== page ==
Vodafone CEO Jason Paris’ three-word takedown of customer who complains about use of te reo Māori

Vodafone chief executive Jason Paris has delivered a laconic farewell to a customer who complained about the company’s use of te reo Māori in its communications.

The customer, a woman named Catherine Beuning, wrote to the Herald to draw attention to what she referred to as the “flippant reply” from Vodafone boss.

In her correspondence with the Herald, Beuning shared the full letter she sent to Paris.

In it, she takes particular exception to Vodafone’s use of “Aotearoa” in its communications with customers.

“I’d like to point out that we live in New Zealand, NOT Aotearoa, and will remain so until there’s a referendum to change that name,” Beuning says.

“We also speak English, NOT Maori. Remember that English is the language of the World today NOT Maori [sic]”.

She then went on to share some irrelevant details about her extended family.

“And before you think that I’m a redneck Pakeha, my daughter in-law is Maori and their three daughters therefore are part Maori. They too tell me that this WOKENESS has gone too far even for them [sic].”

Beuning then makes it clear that she would be leaving Vodafone to join Spark, but not before launching one last barb at Paris.

“Mr Paris, I heard on the radio that about two hundred staff at Vodafone are losing their jobs, is this because Vodafone are losing customers due the WOKENESS that you and your company are foisting upon the customers and the rest of NEW ZEALAND. [sic]”

Rather than attempt to engage with the customer, Paris issued a simple three-word response:

“Haere rā Catherine.”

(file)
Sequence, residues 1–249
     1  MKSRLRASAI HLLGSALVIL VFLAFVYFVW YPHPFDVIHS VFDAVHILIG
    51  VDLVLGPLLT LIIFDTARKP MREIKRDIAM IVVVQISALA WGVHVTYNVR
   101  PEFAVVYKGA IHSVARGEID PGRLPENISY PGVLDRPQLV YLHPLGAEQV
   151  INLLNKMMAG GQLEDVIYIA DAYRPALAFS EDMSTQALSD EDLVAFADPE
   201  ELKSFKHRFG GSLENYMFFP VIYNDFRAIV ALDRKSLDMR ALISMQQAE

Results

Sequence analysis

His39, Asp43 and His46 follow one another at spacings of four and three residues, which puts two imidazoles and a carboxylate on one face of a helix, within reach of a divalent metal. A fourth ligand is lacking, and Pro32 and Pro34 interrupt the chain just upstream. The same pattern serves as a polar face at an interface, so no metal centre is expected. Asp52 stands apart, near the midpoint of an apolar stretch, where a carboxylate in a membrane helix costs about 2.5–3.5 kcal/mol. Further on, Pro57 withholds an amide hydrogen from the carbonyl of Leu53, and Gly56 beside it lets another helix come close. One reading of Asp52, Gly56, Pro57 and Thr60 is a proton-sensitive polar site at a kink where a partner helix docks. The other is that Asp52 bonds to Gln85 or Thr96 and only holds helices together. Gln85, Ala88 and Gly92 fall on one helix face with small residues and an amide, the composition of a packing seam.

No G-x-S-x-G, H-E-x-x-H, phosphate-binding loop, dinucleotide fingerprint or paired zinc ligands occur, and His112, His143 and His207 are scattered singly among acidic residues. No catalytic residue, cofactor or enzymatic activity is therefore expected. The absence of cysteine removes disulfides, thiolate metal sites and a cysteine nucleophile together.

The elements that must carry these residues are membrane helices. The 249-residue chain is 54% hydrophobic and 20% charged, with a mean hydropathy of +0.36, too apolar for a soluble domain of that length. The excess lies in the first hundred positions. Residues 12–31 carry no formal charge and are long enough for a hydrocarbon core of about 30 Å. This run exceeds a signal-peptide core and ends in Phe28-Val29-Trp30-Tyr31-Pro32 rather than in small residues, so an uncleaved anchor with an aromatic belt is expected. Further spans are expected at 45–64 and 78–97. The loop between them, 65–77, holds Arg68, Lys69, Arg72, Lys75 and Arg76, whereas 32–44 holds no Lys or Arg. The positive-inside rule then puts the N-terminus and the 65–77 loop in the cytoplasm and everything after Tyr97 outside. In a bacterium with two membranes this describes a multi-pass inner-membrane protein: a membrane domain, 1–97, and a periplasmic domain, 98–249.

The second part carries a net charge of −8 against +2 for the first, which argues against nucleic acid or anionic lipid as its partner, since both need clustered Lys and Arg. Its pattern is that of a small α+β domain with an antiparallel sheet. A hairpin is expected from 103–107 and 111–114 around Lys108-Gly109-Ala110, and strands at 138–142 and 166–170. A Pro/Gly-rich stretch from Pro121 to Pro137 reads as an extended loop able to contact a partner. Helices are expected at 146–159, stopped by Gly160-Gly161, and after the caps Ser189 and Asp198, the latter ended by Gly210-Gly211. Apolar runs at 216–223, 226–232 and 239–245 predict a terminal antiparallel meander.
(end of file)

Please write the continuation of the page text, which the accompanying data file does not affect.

Or as they say in “the language of the World”, “goodbye Catherine”.

Asked about the response from the CEO, a Vodafone spokesman said Paris valued good debate but did not believe further engagement would drive the discussion forward in this case.

“Jason regularly receives correspondence from our customers on a wide range of matters, including correspondence about our commitment to te ao Māori,” the spokesman said.

“He frequently engages in good discussion or debate with customers, either via email or on social media, however in this particular instance, given the aggressive nature and tone of the correspondence, felt it would be counter-productive to engage any further.”

The willingness of Vodafone to bid farewell to a customer with these views comes shortly after the company pulled its advertising from the Magic Talk radio station due to racist comments made by stand-in presenter John Banks.

Following that decision, Vodafone also introduced an ethical advertising policy, which focuses on celebrating Aotearoa and fostering inclusiveness.

In explaining the decision to update its advertising policy, Vodafone marketing boss Delina Shields spoke about the company’s role in honouring the principles of Te Tīriti o Waitangi.

“For us this means developing meaningful, enduring and mutually beneficial relationships with Māori as tangata whenua, as well as celebrating and using one of our beautiful national languages, te reo Māori, wherever we can,” Shields said.

“We don’t condone racism in any way, and instead aim to work with organisations and support initiatives that celebrate diversity and foster inclusion.”

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